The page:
Saint Clement of Alexandria (c.150 - c.220)

Source: St. Clement of Alexandria, Quis Divinitus Salv., chapter 42.

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A Quote by Saint Augustine of Hippo on belief, church, earth, failure, familiarity, fatherhood, men, observation, opposites, saints, theory, water, and world

Though he avoided outright endorsement of the view, fifth-century Church Father Saint Augustine was clearly familiar with the theory of the spherical earth: "They [those who believe that "there are men on the other side of the earth"] fail to observe that even if the world is held to be global or rounded in shape, or if some process of reasoning should prove this to be the case, it would still not necessarily follow that the land on the opposite side is not covered by masses of water."

Saint Augustine of Hippo (354 - 430)

Source: The City of God, 426 A.D.

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A Quote by Saint Augustine of Hippo on beginning, day, fatherhood, god, good, humility, kindness, sons, spirituality, tears, and wealth

Picture God as saying to you, "My son, why is it that day by day you rise, and pray, and even strike the ground with your forehead, nay sometimes even shed tears, while you say to Me: 'My Father, give me wealth!' If I were to give it to you, you would think yourself of some importance, you would fancy that you had gained something very great. Because you asked for it, you have it. But take care to make good use of it. Before you had it, you were humble; now that you have begun to be rich, you despise the poor. What kind of a good is that which only makes you worse? For worse you are, since you were bad already. And that it would make you worse you knew not; hence you asked it of Me. I gave it to you, and I proved you; you have found - and you have found out! Ask of Me better things than these, greater things than these. Ask of Me spiritual things. Ask of Me Myself!"

Saint Augustine of Hippo (354 - 430)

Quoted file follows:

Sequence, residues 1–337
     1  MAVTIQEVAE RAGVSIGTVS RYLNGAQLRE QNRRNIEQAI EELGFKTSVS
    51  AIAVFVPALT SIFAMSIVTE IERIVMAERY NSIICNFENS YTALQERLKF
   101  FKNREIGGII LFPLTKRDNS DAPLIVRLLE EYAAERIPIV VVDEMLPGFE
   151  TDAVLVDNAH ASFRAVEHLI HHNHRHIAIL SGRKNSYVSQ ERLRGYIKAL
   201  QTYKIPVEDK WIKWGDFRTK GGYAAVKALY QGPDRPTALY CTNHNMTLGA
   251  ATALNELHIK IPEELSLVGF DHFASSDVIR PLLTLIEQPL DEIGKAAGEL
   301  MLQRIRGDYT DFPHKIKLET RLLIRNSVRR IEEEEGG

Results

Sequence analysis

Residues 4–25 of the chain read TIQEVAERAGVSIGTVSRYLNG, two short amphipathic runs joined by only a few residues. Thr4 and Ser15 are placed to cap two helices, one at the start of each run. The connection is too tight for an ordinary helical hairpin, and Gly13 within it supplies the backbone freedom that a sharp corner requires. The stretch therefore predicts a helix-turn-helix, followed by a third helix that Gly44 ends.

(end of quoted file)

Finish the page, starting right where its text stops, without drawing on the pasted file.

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A Quote by S. Tepper on fatherhood

My father always spoke that way. In the third person. He and she, as though we were characters in a drama, playing parts that had been written for us. Not as though we were real ourselves

S. Tepper

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A Quote by Ruth B. Wright on children, christ, fatherhood, guidance, jesus, love, strength, and world

I am filled to overflowing with the love Jesus Christ and Heavenly Father have for me and you and the whole world. He blesses us daily, as he blessed the little children, with a love that gives me strength to go forth with assurance that he will guide me.

Ruth B. Wright

Source: Friend December, 1990, “They Spoke to Us” © by Intellectual Reserve, Inc.Used by permission.

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A Quote by Rush H. Limbaugh III on america, business, citizenship, communication, conservatism, culture, evil, fatherhood, freedom, government, history, ideas, imagination, liberals, life, limits, medicine, nations, oppression, originality, people, progr

HOW TO STAY PROSPEROUS & FREE IN THE 21st CENTURY Americans have always understood that that this nation is unique among nations in the long march of human history, and as we speed into the next century, we seem to be at a crossroads. We are worried that with so many things out of whack; the traditions and institutions that made America great are under attack, standards continue to be lowered, so many minds seem clouded by the fog of liberalism. So let's stay positive; the personal freedoms we still enjoy; the widespread prosperity and bounty unimaginable in any other time and place; the innovations and progress in medicine, technology, communication, science, business, and more; the standard of living never before attained by so many among a nation's citizens...we wonder, will it last? The questions remain. What will ensure that America continues? Can our culture be reclaimed? How can we stay free in the next century? While people of other countries have been restricted m to pursue prosperity, bounded only by the limits of his or her imagination. Besides, only a conservative would ask how we can STAY prosperous and free in the 21st century. A liberal would whine that only a few are prosperous--the evil rich who have somehow gotten rich off the backs of the poor. Liberals don't notice, or understand freedom. They see victims; the oppressed, the downtrodden, and the have-nots. America has had the original ideas of self-government and self-reliance; for which we must thank our Founding Fathers.

Rush Limbaugh (1951 -)

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A Quote by Rudyard Kipling on fatherhood and freedom

All we have of freedom - all we use or know -  This our fathers bought for us, long and long ago.

Rudyard Kipling (1865 - 1936)

Contributed by: Zaady